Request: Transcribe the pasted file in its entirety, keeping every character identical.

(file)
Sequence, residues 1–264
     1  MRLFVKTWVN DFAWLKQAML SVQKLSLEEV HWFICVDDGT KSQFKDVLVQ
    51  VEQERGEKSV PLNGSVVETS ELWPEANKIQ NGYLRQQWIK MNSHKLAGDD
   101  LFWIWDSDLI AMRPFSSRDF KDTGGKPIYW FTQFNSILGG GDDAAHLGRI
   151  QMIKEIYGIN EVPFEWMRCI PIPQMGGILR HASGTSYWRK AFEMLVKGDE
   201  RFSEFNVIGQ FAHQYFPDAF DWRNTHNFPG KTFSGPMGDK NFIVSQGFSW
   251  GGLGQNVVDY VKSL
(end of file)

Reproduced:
Sequence, residues 1–264
     1  MRLFVKTWVN DFAWLKQAML SVQKLSLEEV HWFICVDDGT KSQFKDVLVQ
    51  VEQERGEKSV PLNGSVVETS ELWPEANKIQ NGYLRQQWIK MNSHKLAGDD
   101  LFWIWDSDLI AMRPFSSRDF KDTGGKPIYW FTQFNSILGG GDDAAHLGRI
   151  QMIKEIYGIN EVPFEWMRCI PIPQMGGILR HASGTSYWRK AFEMLVKGDE
   201  RFSEFNVIGQ FAHQYFPDAF DWRNTHNFPG KTFSGPMGDK NFIVSQGFSW
   251  GGLGQNVVDY VKSL